How Bibliotherapy Can Help Students Open Up About Their Mental Health

readingbibliotherapy126Mental health concerns, like anxiety, depression and post-traumatic stress disorder, can affect a student’s ability to concentrate, form friendships and thrive in the classroom. Educators and school counselors often provide Social and Emotional Learning programs (SEL) in order to help these students, as well as school-based therapeutic support groups. However, even in these forums, getting teenagers to speak about their problems can be challenging, especially when they feel like outsiders and worry about judgment from their peers.

For adolescents struggling with depression, anxiety and grief, the use of books as a therapeutic tool can be invaluable. Tweens and teens often get stuck in their narratives, believing that the fictional stories they tell themselves are accurate. Because of the insecurities that adolescence can bring, it’s easy for them to assume that being excluded from a peer’s birthday party or being left out of a group text exchange is a personal affront. Social media often fuel these beliefs, which can take a toll on a youth’s mental health. Shame and stigma often prevent students from speaking out and seeking the emotional support they need.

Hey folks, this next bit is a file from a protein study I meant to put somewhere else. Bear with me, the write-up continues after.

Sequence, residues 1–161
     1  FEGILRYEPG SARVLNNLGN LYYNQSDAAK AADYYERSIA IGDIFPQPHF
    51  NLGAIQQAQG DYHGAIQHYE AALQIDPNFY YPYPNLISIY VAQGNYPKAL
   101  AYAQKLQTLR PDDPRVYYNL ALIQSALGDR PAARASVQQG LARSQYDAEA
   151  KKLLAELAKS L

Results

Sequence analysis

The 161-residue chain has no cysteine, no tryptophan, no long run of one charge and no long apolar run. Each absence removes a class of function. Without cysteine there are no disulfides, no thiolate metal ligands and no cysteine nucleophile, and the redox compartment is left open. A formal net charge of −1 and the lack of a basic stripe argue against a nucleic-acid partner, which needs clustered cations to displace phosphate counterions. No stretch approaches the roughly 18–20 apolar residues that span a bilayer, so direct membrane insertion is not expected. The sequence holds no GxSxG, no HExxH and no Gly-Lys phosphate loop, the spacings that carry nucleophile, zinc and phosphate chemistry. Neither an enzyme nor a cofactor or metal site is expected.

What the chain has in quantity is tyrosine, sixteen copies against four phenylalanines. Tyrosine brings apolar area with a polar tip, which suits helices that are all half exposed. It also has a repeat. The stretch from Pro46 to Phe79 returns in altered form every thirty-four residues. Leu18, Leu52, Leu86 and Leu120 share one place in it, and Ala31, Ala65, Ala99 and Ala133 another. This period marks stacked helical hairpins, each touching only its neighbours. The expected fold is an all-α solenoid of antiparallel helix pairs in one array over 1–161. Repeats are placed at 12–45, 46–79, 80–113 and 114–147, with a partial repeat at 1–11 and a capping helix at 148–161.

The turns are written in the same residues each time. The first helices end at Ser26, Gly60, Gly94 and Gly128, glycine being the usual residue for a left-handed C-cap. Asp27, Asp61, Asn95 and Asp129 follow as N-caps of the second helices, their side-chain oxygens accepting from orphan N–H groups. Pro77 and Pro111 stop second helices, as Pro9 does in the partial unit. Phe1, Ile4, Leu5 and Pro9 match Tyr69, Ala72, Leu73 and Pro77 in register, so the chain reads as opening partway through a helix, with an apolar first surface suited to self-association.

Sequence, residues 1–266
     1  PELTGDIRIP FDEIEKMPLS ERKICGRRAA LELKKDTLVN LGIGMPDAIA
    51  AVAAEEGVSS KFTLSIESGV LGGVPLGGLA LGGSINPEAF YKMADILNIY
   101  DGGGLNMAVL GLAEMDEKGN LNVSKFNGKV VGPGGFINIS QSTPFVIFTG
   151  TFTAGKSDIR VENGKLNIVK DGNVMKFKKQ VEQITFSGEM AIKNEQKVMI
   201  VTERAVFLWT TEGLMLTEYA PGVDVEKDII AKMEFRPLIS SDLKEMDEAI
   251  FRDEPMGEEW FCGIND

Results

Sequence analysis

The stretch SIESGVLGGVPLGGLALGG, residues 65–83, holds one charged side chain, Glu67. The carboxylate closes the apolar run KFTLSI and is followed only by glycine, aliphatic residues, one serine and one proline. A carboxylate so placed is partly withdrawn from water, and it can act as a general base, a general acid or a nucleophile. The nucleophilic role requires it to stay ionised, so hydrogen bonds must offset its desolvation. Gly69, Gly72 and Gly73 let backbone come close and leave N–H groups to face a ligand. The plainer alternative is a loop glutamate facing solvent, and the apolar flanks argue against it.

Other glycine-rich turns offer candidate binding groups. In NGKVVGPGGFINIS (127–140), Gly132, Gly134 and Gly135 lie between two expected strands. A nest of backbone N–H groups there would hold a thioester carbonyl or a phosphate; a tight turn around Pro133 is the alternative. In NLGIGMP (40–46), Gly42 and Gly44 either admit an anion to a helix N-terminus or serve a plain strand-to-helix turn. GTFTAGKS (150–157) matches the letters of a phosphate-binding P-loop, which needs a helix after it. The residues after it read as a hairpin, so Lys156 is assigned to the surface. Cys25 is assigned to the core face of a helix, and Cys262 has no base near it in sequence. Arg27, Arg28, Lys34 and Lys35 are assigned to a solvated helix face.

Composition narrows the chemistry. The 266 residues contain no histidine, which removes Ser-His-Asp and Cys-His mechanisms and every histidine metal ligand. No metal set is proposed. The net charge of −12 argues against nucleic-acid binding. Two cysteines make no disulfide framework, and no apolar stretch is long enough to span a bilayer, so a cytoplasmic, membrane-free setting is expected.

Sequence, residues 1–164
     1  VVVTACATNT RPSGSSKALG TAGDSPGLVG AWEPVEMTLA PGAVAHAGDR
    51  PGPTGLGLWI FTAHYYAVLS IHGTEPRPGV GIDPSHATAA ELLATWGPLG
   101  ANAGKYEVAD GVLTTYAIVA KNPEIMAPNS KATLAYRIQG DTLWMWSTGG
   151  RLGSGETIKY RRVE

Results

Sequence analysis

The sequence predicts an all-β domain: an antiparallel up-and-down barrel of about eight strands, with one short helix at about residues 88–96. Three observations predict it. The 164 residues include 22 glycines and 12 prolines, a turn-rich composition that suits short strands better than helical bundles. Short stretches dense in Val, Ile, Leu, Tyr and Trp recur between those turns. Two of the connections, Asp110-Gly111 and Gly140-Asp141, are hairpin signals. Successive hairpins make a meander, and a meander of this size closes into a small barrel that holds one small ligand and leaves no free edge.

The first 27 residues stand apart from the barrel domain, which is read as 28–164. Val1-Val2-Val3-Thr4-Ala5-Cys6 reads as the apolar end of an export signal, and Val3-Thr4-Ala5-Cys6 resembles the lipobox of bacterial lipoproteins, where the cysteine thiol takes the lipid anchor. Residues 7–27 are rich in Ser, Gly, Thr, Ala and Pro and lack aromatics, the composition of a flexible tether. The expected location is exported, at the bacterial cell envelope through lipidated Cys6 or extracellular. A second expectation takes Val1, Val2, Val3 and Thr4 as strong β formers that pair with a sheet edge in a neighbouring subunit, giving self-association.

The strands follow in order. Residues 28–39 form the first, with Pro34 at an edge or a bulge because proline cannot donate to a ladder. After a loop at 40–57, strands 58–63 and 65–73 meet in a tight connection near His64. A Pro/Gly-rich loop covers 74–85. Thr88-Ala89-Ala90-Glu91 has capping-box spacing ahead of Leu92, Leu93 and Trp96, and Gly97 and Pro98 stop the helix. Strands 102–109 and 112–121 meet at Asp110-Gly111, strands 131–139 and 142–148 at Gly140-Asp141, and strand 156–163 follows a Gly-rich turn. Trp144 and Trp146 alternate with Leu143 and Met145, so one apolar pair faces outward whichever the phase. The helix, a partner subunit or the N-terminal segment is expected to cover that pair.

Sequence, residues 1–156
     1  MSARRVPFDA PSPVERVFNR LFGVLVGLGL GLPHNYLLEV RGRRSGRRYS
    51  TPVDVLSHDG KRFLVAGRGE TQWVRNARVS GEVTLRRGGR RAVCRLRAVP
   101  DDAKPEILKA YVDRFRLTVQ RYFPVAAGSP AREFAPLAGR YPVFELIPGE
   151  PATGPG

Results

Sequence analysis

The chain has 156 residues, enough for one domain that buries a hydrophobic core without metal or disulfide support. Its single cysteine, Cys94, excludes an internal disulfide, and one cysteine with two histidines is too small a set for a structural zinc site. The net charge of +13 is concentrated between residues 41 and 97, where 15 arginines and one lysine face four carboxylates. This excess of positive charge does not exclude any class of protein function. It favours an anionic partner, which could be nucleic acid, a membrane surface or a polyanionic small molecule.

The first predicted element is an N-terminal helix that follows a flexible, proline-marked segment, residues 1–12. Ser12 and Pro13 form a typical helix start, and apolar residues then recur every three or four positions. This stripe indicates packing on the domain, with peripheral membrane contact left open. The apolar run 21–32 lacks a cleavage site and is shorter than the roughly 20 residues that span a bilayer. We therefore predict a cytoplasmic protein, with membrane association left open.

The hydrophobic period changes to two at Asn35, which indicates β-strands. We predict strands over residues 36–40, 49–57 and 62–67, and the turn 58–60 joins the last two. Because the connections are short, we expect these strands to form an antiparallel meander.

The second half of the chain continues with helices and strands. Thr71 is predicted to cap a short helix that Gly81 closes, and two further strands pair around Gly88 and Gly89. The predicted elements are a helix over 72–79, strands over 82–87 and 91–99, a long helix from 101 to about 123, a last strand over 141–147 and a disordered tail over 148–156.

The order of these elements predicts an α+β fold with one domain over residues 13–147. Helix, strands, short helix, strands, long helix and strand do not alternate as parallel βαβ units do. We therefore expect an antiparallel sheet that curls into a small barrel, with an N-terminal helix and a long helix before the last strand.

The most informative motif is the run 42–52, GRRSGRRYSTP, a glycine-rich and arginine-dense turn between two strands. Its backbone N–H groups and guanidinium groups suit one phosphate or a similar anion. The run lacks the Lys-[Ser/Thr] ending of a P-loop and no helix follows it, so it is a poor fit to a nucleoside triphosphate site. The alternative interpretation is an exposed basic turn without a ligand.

But reading about a fictional character’s experiences can normalize those feelings and give adolescents the courage to open up about their own struggles.

While studies show DBT is an effective form of psychotherapy, especially for young adults, bibliotherapy is a newer mental health intervention for youth. However, research suggests it can help reduce symptoms of anxiety and depression, especially among adolescents.

Excerpted from “How Bibliotherapy Can Help Students Open Up About Their Mental Health.” Read the full article on KQED’s MindShift online.

Source: KQED MindShift | How Bibliotherapy Can Help Students Open Up About Their Mental Health, | Copyright © 2018

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